Angela’s arc, however, is thrillingly, inventively alive. Positively Byronic in its increasing moodiness and alluring mystery, her subplot journey to the regulatory commission deepened the sense she’s in way over her head, tumbling down a rabbit hole of Price’s design. It was great watching her go to work with the rubber ducky, accessing her shitty new boss’ passwords and using them to gain entry to the Washington Township files. (Watching her be mistaken for Monica was fun, too.) And there’s a great moment of inner triumph when she first arrives at the commission, blowing Jeff’s mind with the extent of her insider info. You can see the feeling of success playing around the edges of her eyes. It’s what makes it all the more jarring when Deputy Director Phelps walks in and does everything but twirl a mustache, revealing the ugly truth that, whatever’s happening at the nuclear regulatory commission, it’s not good. And it’s messing with Angela’s head—which is normally a job best left to Angela herself.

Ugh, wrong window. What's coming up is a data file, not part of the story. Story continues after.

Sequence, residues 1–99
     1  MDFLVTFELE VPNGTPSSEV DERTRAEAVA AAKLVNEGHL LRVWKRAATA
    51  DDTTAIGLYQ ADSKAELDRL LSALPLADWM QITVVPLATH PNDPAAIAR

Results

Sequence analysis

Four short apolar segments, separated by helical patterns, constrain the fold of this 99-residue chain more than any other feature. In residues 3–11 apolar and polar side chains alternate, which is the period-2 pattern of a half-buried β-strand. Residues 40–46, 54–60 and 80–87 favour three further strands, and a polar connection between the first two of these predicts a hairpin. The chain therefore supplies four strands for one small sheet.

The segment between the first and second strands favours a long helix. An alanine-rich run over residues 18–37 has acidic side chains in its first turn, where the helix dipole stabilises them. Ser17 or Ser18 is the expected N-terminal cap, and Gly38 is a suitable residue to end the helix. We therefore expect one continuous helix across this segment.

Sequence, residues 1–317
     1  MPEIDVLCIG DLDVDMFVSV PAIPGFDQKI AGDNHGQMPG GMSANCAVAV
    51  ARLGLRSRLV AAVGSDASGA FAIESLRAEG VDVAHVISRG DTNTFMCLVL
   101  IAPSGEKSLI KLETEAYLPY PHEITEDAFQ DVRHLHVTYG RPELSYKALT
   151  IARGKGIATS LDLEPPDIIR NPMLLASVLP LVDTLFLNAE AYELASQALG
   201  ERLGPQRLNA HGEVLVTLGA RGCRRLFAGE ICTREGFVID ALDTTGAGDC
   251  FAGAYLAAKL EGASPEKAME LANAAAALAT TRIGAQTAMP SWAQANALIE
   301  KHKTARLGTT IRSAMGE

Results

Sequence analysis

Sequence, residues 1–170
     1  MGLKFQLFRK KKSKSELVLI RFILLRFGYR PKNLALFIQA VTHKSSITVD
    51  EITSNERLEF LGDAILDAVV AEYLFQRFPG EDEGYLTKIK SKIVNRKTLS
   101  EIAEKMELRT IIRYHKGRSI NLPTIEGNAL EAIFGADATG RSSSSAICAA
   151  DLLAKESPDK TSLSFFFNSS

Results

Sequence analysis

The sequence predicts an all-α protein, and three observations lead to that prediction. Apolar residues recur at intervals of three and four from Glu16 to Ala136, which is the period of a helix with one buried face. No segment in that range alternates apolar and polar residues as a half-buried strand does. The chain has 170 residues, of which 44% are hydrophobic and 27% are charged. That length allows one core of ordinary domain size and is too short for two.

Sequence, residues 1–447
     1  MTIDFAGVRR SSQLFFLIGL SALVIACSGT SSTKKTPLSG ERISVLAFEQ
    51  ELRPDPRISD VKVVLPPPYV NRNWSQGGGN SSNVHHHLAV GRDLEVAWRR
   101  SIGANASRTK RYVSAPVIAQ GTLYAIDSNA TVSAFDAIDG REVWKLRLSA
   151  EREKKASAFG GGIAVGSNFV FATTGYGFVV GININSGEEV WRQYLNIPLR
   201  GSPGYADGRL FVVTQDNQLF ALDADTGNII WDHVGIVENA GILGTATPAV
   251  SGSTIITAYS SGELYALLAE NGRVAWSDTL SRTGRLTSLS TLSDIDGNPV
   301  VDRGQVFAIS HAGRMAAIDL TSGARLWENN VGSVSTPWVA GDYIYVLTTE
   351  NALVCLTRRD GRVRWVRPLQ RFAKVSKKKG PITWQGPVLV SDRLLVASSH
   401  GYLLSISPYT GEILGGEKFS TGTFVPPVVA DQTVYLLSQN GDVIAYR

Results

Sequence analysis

Thankfully, Dom’s there to make it all seem ten times worse. There’s a weird pleasure in watching Agent DiPierro adopt a jocular tone and offer sandwiches while inviting herself into Angela’s apartment. The discovery that the FBI knew about the AllSafe CD this entire time makes the subsequent explanation all the more worrying. The bureau’s been tailing Angela, following her from place to place. (Except for the Fsociety hideout, we hope.) But now Angela sees the doors closing on both ends of the hallway she’s traveling. She’s betrayed her employers to once more try and get justice done at the Washington Township plant, and now, after learning even the regulatory body is controlled by outside forces working against her, here’s genial Dom, informing Angela the next person who arrives at the door will throw her into a dark cell. There are no allies left, by Dom’s assessment. Now would be a good time for Angela to reach out to her best friend.